St. Paul's Public Works Director Sean Kershaw wanted to know what it was like for employees who work long hours clearing city streets of snow during Minnesota's winters. So he trained and became certified to operate the vehicles just in time for a decidedly not snowy season.

Snowplowing is an essential city service and knowing what it's like for employees helps him communicate about the work they do back to the public, said Kershaw, who has served in the role since 2020. Kershaw shared his experience with one of the city's most visible jobs Monday in a thread on X, formerly known as Twitter.

"I really wanted as much as possible to learn firsthand. When I went out to the first snowplow operators training, I think they thought that I would show up and say something and leave. I hung out for a few hours every day as much as I could," Kershaw said.

While Kershaw had ridden in plows with drivers during snow emergencies, he had no idea what it was like to drop the plow onto the pavement.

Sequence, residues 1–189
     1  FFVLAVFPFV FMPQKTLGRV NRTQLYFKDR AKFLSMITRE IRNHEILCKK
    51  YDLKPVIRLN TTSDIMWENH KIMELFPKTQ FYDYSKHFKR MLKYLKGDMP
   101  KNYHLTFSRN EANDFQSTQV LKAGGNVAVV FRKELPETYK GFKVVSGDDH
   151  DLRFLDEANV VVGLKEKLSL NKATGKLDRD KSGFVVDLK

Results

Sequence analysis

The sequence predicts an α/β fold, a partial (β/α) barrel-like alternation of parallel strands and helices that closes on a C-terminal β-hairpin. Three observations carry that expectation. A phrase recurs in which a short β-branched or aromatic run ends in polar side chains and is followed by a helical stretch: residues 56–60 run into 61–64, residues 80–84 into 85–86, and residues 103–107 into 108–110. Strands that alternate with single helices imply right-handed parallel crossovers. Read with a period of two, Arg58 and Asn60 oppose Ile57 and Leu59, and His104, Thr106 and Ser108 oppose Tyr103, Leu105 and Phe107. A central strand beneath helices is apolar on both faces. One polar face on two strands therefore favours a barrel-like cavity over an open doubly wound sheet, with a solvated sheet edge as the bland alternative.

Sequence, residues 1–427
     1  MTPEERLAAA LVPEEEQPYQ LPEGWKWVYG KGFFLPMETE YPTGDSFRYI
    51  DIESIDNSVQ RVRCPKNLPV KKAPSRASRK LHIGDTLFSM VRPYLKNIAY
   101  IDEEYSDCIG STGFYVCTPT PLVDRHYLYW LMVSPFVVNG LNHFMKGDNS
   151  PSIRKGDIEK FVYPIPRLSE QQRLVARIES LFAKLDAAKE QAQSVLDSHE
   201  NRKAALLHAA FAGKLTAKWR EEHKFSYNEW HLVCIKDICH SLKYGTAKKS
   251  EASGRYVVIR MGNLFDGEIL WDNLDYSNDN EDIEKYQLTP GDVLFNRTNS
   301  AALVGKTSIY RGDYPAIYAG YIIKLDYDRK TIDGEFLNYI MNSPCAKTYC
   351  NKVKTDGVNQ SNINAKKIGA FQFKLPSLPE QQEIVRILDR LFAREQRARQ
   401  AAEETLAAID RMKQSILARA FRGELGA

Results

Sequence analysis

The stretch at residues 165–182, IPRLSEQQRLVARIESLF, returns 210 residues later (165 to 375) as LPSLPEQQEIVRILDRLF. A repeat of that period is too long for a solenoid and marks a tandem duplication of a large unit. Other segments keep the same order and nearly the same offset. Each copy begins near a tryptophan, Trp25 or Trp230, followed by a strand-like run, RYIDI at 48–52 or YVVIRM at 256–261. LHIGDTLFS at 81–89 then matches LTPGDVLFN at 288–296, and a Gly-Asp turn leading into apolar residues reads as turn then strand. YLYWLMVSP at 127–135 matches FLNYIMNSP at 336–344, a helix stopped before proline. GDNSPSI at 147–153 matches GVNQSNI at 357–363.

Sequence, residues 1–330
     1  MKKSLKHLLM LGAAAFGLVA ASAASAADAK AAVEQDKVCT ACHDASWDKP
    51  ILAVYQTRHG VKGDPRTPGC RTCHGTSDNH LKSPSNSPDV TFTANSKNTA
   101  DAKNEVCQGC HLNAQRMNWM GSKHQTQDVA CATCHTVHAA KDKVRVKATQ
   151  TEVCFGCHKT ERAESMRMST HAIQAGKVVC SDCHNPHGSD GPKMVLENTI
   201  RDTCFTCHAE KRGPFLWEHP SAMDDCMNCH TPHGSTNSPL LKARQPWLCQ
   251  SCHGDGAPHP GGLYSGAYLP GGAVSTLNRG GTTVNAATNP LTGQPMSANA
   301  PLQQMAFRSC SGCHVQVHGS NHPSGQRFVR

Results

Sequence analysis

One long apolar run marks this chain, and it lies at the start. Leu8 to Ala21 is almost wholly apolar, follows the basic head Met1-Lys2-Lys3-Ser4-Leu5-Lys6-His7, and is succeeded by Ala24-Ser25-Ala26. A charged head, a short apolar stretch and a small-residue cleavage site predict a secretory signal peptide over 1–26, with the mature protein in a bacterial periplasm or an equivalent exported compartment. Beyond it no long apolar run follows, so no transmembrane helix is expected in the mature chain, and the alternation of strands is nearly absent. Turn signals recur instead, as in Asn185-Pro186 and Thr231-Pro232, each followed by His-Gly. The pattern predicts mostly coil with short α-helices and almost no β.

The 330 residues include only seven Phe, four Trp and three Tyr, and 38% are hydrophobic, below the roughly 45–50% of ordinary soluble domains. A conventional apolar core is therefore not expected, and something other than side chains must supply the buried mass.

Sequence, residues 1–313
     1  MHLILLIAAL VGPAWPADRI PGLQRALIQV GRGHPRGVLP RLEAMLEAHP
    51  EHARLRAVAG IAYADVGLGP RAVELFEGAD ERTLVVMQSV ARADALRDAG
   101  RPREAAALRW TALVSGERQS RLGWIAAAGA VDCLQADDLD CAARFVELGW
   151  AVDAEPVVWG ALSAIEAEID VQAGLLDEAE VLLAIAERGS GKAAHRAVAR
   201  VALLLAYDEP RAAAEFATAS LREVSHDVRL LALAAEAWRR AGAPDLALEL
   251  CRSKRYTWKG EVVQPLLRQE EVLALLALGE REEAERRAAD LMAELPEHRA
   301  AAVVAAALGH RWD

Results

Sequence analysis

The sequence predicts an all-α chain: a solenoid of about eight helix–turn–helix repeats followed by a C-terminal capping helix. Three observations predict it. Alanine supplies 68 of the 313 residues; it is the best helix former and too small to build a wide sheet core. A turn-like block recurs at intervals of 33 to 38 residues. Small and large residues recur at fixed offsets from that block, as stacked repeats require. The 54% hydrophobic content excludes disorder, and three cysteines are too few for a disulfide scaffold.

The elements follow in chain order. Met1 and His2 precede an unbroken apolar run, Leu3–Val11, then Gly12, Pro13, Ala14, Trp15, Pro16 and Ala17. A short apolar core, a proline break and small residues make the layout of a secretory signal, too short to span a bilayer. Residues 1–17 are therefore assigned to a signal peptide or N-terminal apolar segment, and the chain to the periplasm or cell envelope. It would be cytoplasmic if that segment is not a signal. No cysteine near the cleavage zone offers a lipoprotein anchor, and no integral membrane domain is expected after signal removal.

Last September he received his CDL permit, allowing him to spend more time practicing. Kershaw completed the annual snowplow operators training "rodeo," a required course of classroom and behind-the-wheel instruction where he learned to lift the plow and round corners. He was fully commercially licensed in November. When 6 inches of snow fell last Friday — the first significant snow this year — Kershaw was finally able to drive and move snow around.

"It was super fun. I mean, this sounds super geeky," Kershaw said. "When you're really plowing snow, it's bumpy and noisy and you've got to really pay close attention. You're maneuvering the truck and you're manipulating the plow."

Plowing wasn't Kershaw's first time trying field work — he's taken confined-space training to shovel in the sewers and has gone out with bridge workers.

It is satisfying to see the streets cleared of snow in real time, he said. Seeing that impact in the community right away is one of the things he finds most attractive about working in Public Works, he said. His office values that, even amid the hard work.

While Kershaw wished he had a bit more time to plow before snow disappeared from the forecast, after last winter's snow, Kershaw was happy city employees got a reprieve.

"We're trying to recruit more people. We want to train more people," he said. "It was a rush to get in the truck."